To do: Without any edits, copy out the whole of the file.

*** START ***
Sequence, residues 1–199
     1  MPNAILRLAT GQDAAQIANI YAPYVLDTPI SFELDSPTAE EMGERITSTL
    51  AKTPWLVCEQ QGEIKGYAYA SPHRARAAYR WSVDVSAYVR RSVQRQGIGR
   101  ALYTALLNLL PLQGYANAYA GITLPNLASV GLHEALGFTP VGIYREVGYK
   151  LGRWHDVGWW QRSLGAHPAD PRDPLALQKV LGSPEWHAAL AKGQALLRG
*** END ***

Sequence, residues 1–199
     1  MPNAILRLAT GQDAAQIANI YAPYVLDTPI SFELDSPTAE EMGERITSTL
    51  AKTPWLVCEQ QGEIKGYAYA SPHRARAAYR WSVDVSAYVR RSVQRQGIGR
   101  ALYTALLNLL PLQGYANAYA GITLPNLASV GLHEALGFTP VGIYREVGYK
   151  LGRWHDVGWW QRSLGAHPAD PRDPLALQKV LGSPEWHAAL AKGQALLRG